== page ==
A Tour of Paris’s Best Chocolate Shops for Easter 2016

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A Tour of Paris’s Best Chocolate Shops for Easter 2016
If you hop around Paris today on a chocolate Easter egg hunt, I promise you’ll be astounded by the immense choice around. As artisanal chocolate shops prepare for one of the busiest seasons of the year, it’s no wonder that the French so aptly describe the term of window-shopping as faire du léche-vitrine, as the urge to lick the delectable displays couldn’t be higher. Who can resist Jean-Paul Hévin’s sense of humor with that in mind for his Easter shopfront? Already the choice of eggs in itself is awe-inspiring; but add to that the different-colored chocolate hens, chicks, diverse other animals (owls, tortoises, sheep), bells, and the fish that we typically find in the French chocolate boutiques. Where can we start? Before we get cracking with a sampling of Easter eggs (oeufs de Pâques), let’s start with the most typically French in the chocolateries: bells and fish. EASTER BELLS (Cloches de Pâques) Listen carefully for the Church bells over Easter weekend: in France they stop ringing from Good Friday when Jesus died to Easter Sunday morning. After Church Mass, to celebrate Christ’s resurrection, the bells joyously peel around France as they fly back from Saint Peter’s in Rome, dropping chocolate eggs in gardens as the children are eager to hunt for them. Even my girls (who are French) have always found it a crazy tradition – perhaps as parents we simply poorly described it – but imagine trying to explain to your kids that church bells had flown with wings all the way to the Vatican to be blessed by the Pope to help everyone in mourning, then returned (with no hands) to hide chocolate. The Easter Bunny still makes more sense, even if it doesn’t figure that much in France, but over the years, more are gradually hopping into the boutiques – such as these pastel cuties from Hugo & Victor. WHY ARE THERE CHOCOLATE FISH? I’ve always been intrigued by the schools of chocolate fish in the windows. Fish are popular for April Fool’s Day since in France it’s April fish or Poisson d’avril as the children’s chorus goes! If you’re any decently duped April Fool in France, you’ll probably be sporting a school of colorful paper fish taped to your back. There was one year I discovered that, after various not-so-discrete pressing to my back, I had been modeling a mobile primary school wall. Eager to find out the history behind it, I attempted to return to a school of fish myself, rummaging around for more clues but the fishy story remains rather unclear. Various sources cite the most popular: it goes back to the 16th Century under Charles IX reign, who changed the New Year to the 1st January. Until then in France, the New Year started around 1st April and was celebrated by fresh fish to herald the arrival of Spring (following the zodiac sign of Pisces, perhaps). As not everyone was au courant or kept forgetting this new calendar, jokes gradually spread the custom of pinning fish on their backs. A la Mère de Famille has a huge choice of chocolate fish and scallop shells. Like eggs, many are garnished with yet more miniature fish. The smallest fish and other seafood shapes, called friture, often garnish the insides of the bigger Easter eggs or are sold simply in sachets to eat comme ça, just like that. This year’s sample of fish can be found hooked up vertically in a line, lined up in a jigsaw pattern, or even swimming in clouds. EASTER EGGS WITH PERSONALITY As with outside of France, eggs are still the most popular at Easter and over the years they’ve gradually transformed from brightly decorated hard-boiled to more chocolate. Symbolizing the Resurrection of Jesus on Easter Sunday with the rolling stone that covered Christ’s tomb, the rolling of eggs transformed death into life, bringing new life and fertility – much like a chick popping from its egg. Many high-end chocolate boutiques, confiseries (candy shops), pâtisseries, or top hotels have created their eggs from simply chic, amusing, to popular characters, or impressive giant sculptures as works of art. Jacques Genin has gone wonderfully wild with a vivid, brilliant lacquered look for his masterpieces this year. Otherwise there are his clowns, fish and hens to choose from. From cowboys at Le Nôtre to Mangas of Pierre Hermé (along with many others), what about some cool skate-boarding eggs at Dalloyau? Looking through the glass, Pierre Marcolini has chosen an Easter Wonderland theme, complete with this grinning Cheshire cat. Or what about a box of mini praline eggs: including pistachio, almond, nougat and hazelnut?   From Le Manufacture de Chocolat of Alain Ducasse, you’ll find traditional artisan chocolate eggs and contemporary designer hens – but what caught my eye…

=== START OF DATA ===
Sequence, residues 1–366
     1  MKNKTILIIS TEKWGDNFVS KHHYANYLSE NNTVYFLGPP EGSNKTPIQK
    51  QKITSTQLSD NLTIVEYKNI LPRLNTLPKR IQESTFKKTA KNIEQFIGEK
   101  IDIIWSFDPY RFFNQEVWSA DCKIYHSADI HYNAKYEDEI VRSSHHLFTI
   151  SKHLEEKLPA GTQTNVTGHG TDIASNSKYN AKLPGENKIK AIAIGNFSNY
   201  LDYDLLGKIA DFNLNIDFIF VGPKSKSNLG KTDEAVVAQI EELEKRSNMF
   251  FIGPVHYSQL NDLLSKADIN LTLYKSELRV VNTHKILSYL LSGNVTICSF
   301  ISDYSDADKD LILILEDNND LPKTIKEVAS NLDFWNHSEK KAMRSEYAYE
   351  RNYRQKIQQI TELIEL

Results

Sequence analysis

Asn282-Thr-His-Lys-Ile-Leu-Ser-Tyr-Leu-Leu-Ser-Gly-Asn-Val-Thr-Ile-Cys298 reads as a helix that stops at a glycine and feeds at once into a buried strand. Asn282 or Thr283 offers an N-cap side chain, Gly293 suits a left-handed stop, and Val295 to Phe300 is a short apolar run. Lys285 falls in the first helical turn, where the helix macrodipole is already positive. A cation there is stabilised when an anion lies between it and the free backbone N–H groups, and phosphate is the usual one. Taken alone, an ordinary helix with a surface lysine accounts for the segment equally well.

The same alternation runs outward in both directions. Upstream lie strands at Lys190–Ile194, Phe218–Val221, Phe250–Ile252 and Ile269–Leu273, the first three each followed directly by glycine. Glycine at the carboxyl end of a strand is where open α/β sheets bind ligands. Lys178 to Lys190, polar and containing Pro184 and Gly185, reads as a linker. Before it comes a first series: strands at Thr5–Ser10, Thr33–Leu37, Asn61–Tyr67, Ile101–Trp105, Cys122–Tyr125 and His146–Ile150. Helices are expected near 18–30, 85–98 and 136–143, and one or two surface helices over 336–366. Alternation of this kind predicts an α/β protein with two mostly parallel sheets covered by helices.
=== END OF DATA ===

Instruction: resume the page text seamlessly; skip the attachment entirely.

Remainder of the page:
Lead photo credit : courtesy of Le Manufacture de Chocolat of Alain Ducasse

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Jill Colonna is author of “Mad About Macarons” and newly published “Teatime in Paris: A Walk Through Easy French Patisserie Recipes”. She lives just outside Paris in the land of the Impressionists with her French husband and two teenage girls near Saint Germain-en-Laye. You can read about her life around Paris, travels and recipes on her blog: www.MadAboutMacarons.com


  • Thomasina
    2016-03-28 18:44:56
    Wish I could have gone on the Easter egg hunt around Paris with Jill Colonna. Next best thing was reading this amazing article and admiring the photos. I especially love the creations by Jacques Genin. They remind me of a visit to the Venetian glass factory on the island of Murano.


  • Rhiannon
    2016-03-26 04:56:59
    Great article. So many stunning creations in Paris, and it's great to hear a bit of the history too!